NFL, NFLPA join forces to review concussion protocol after Tom Savage injury
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The NFL and the NFL Players Association have agreed to conduct a joint review of whether concussion protocols were followed when Houston Texans quarterback Tom Savage was allowed to briefly to return to Sunday’s game against the San Francisco 49ers despite showing signs he had been concussed.
“Together, we will conduct a thorough review of the incident and will focus on whether the protocol was properly followed,” NFL spokesperson Joe Lockhart told reporters on a conference call Monday. “We will also continue to look at the protocol to improve and strengthen it. Any information developed in this investigation or any review that can strengthen the protocol will be enacted on an expeditious basis in conjunction with the NFLPA.”
Earlier Monday, the NFLPA said it was “initiating a full review of the incident.”
Lockhart said the league would “withhold further comment” on whether the protocol was followed by medical and team personnel tasked at identifying and monitoring potentially concussed players until the investigation is completed.
Savage’s arms trembled as he lay on the turf for several seconds after he was hit by the 49ers’ Elvis Dumervil, which came on a third down. Savage was allowed to re-enter the game on the Texans’ next possession after he was evaluated — a three-and-out — before he was ruled out of the game with a concussion.
The NFL has a series of safeguards in place, which have been bolstered in recent years amid growing concerns over traumatic brain injuries thought to contribute to the debilitating brain disease chronic traumatic encephalopathy (CTE) — found in the brains of 111 of 112 deceased NFL players by researchers.
At each NFL game, there are two unaffiliated neurotrauma consultants (one on each sideline), along with two certified athletic trainer (ATC) spotters in the booth tasked at identifying concussed players. Each team’s medical personnel are also involved with identifying and evaluating possibly concussed players.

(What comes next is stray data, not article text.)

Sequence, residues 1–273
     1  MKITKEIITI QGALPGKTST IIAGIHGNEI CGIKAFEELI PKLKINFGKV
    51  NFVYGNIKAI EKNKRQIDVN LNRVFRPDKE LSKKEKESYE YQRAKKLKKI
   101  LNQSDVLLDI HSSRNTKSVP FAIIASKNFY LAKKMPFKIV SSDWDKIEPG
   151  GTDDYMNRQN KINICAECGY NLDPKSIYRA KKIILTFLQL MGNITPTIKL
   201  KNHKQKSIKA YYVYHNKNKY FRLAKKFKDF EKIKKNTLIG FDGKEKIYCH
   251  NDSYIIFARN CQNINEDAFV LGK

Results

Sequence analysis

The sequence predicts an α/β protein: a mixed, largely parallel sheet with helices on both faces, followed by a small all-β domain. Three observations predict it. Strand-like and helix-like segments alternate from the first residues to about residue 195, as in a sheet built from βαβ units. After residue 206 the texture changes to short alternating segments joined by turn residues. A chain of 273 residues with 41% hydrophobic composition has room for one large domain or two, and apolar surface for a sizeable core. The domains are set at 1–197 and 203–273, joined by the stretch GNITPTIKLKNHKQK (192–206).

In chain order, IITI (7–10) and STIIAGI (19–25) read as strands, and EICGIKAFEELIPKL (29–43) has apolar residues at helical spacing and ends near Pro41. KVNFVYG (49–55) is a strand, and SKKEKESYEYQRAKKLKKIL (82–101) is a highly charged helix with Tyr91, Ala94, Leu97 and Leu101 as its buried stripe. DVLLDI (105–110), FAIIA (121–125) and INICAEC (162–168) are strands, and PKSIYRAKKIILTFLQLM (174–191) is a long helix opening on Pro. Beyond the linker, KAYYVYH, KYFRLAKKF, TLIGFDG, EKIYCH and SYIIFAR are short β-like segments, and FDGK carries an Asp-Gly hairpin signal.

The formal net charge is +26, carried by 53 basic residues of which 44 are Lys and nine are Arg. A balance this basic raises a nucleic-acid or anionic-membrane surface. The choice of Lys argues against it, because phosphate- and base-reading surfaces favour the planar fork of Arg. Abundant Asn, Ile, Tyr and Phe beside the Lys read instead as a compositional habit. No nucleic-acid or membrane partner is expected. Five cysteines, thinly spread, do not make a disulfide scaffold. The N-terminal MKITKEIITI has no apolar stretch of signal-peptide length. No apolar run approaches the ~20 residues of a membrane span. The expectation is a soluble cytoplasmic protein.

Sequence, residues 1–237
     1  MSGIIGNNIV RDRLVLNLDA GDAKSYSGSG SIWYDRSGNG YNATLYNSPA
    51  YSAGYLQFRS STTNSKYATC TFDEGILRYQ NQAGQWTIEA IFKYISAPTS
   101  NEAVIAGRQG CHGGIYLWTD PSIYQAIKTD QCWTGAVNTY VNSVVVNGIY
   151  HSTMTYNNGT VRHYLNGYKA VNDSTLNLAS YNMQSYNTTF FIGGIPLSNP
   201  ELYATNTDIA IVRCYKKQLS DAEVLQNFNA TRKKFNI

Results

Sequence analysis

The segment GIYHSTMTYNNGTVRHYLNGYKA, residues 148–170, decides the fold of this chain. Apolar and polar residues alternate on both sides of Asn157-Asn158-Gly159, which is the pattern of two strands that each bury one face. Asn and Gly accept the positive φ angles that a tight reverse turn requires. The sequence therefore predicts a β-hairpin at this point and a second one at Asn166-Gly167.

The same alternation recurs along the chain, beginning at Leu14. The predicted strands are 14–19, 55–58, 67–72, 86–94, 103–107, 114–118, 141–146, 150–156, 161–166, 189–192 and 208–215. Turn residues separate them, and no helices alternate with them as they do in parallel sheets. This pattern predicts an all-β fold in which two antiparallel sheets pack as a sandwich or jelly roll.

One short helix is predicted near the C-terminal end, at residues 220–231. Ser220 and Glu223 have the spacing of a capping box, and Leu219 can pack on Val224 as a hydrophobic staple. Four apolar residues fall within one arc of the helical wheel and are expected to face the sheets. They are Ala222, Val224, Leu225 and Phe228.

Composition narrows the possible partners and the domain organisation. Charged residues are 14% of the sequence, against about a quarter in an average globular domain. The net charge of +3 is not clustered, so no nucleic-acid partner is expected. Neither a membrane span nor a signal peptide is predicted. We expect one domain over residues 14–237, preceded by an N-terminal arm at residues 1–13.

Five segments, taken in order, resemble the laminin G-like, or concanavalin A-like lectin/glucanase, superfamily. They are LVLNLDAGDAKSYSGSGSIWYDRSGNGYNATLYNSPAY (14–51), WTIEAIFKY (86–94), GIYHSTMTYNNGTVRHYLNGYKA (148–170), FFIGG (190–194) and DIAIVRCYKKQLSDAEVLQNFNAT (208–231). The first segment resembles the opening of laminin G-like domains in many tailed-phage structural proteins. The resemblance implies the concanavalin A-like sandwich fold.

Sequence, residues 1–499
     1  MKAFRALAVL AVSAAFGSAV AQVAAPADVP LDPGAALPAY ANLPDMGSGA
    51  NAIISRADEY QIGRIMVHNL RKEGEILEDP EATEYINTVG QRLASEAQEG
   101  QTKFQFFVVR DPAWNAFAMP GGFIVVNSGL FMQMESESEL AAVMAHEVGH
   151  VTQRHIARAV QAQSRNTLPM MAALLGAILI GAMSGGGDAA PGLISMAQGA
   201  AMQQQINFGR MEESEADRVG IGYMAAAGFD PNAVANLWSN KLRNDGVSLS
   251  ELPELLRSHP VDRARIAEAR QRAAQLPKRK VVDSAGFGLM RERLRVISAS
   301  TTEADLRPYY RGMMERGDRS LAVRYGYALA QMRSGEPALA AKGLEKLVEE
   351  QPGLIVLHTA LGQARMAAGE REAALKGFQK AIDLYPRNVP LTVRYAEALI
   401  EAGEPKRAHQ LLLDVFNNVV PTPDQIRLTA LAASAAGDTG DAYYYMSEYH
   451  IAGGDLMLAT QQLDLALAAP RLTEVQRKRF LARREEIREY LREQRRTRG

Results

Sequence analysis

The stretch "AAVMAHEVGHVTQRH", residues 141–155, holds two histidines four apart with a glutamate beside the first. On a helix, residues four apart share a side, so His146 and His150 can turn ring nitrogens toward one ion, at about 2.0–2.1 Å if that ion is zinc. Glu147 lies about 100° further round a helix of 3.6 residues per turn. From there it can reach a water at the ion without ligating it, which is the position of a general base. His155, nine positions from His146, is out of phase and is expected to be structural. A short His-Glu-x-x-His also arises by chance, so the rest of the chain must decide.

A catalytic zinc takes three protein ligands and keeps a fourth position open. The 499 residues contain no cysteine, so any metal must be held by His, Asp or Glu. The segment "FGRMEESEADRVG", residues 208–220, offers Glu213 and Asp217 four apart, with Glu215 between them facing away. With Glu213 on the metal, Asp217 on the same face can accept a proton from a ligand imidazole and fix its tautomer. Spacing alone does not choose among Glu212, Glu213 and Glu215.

The ATC spotters, who have access to the game’s live video feed and are able to replay plays where a player may have been concussed, have the authority to radio game officials for a stoppage. They can also contact the unaffiliated neurotrauma consultants to make sure a player is evaluated.
Sunday’s incident is the latest to call the league’s concussion protocol system into question this season.
The league had already faced heavy criticism on how it handled concussions sustained by New Orleans Saints tight end Coby Fleener and Indianapolis Colts quarterback Jacoby Brissett, who were allowed to continue to play despite eventually receiving a concussion diagnosis.
“I believe very strongly that the protocol is part of our overall effort on our health and safety,” Lockhart said. “I do understand that it is our obligation to look at where the protocol may not have been followed and just as importantly where it can be improved. It’s an ongoing effort.”
Lockhart said the league was still reviewing whether the Seattle Seahawks followed concussion protocol when quarterback Russell Wilson only missed one play in a Nov. 9 game. Wilson went into the team’s medical tent for mere seconds before he returned to the game.
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